To Breed More Unicorns, Latin America Must Grow Edtech IndustryBy Pato Bichara | Thu, 05/05/2022 - 16:00
Latin America’s startup ecosystem is growing faster than ever before, and so is the need for quality education for the new generation of leaders guiding the region’s digital transformation. For the first time ever, the constraint for economic growth is not access to capital, but to talent.
If we want Latin America to keep up with competition on a global scale, we must train and retrain our talented people to sustain this digital revolution. As founder of Collective, an edtech focused on training intrapreneurial and entrepreneurial leaders on future skills, especially through our Master in Business & Technology and Enterprise Learning programs, I am convinced that this is the biggest challenge we face as a region.
The term edtech refers to education companies that have a strong tech component in their delivery. They serve every age (“Pre-K to Gray”) and every type of student, from early childhood and K-12 through higher education, adult consumer learning, and corporate training. The edtech industry is growing rapidly, and Latin America must continue investing in education to help close the skills gap between what employers need and what the talent pool can offer.
The reality is that in Latin America, less than 30 percent of the population over the age of 25 has completed post-secondary education, compared to 50 percent in the US and in European countries. And going abroad for business education, such as to an Ivy League university in the US, is expensive, with an MBA costing about US$200,000. But the tech ecosystem is growing rapidly, so demand for talent is rising. As of February 2022, Latin America had 42 unicorns. Big tech companies such as Facebook, Google, Amazon, Uber, Stripe, and Netflix, all are investing heavily to expand in the region. Finally, multinational traditional companies have destined millions for their digital transformations. The need for skilled leaders is strong, and instead, these companies are all facing a shortage of talent.
The shortage of talent with the necessary skills for the fourth revolution might be explained by the following. First, the rapid acceleration of automation and economic uncertainty caused by the pandemic has shifted the division of labor between humans and machines, causing 85 million jobs to be displaced and 97 million new ones to be created by 2025, according to a World Economic Forum report from October 2021. It’s a truth that signals an enormous opportunity for the learning and development and human resources disciplines. Second, according to a recent ManPower report, hiring optimism has returned to levels not seen since the start of the pandemic, but that optimism is being tempered by the highest levels of global talent shortages in 15 years, with 69 percent of employers reporting difficulty filling vacancies.
Employers are not finding the professionals they need because jobs often require skills that did not exist 10 years ago. We are witnessing a talent war; when HR departments struggle to find candidates for specific roles, they often resort to poaching each other’s talent and seeing an increase in costs, especially for certain positions. As a result, many corporations have realized that they prefer to retrain their own people. At Collective, we offer that possibility. Companies like Grupo Bimbo or Bitso have chosen us as their go-to program for developing executives, ensuring the growth and advancement of the talent they need for this ongoing transformation.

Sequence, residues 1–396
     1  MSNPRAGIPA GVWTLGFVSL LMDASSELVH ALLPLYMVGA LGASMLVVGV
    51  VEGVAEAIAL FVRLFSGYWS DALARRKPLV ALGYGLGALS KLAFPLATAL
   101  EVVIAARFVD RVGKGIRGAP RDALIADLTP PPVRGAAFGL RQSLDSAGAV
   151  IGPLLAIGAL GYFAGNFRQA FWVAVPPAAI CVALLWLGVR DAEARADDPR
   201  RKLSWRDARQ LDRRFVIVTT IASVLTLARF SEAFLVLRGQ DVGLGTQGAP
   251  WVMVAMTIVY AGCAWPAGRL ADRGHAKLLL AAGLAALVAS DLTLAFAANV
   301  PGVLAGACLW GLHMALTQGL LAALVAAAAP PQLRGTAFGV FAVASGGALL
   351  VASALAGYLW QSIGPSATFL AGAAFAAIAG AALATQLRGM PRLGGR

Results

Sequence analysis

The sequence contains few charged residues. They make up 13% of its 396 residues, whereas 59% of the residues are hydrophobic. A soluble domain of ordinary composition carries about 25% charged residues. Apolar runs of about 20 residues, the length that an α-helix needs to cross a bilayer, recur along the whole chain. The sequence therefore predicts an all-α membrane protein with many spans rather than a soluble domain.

Yet, the skills gap keeps widening and the current university system is not able to adapt at the required speed. Unlike traditional universities, edtechs have the ability to transform quickly. By using technology, we can reach more people and serve wider regions at a lower cost. We can offer curricula that can be upgraded like software, with content and case studies constantly curated to meet the needs of the latest trends.
What has become obvious to me, and to many others, both in education and in human resources, is that now is the time for education technologies to shine. It is the missing piece needed to achieve the vision of a thriving tech and digitalization era for Latin America. We have the ideas, we have the entrepreneurs and there is a wave of investment. Scaling and democratizing higher education is a must. We are already showing people the importance of learning throughout their lives. And the pandemic made it clear that online education can be not only high quality but also affordable and flexible.
In Collective, we often quote an African proverb: “If you want to go fast, go alone. If you want to go far, go together.” Collective is only one option among several other edtechs in the region. And we love going collective, because together, we are a movement. Companies like Domestika, which is already a unicorn, Crehana, Platzi: We are all serving different niches and use different methodologies, but we all need each other because what we are doing is growing in reach and scope. Finally, many of us are also developing partnerships with traditional universities, helping everyone in the education industry scale our impact.
From Pre-K to Gray, we are educating more people together, allowing more lifelong learners to have access to high-quality content and learning experiences that will result in them being relevant for a longer time in the workforce and with a higher return on investment. This will enable the creation and growth of more startups and companies, generating more unicorns and, more importantly, economic development in the region.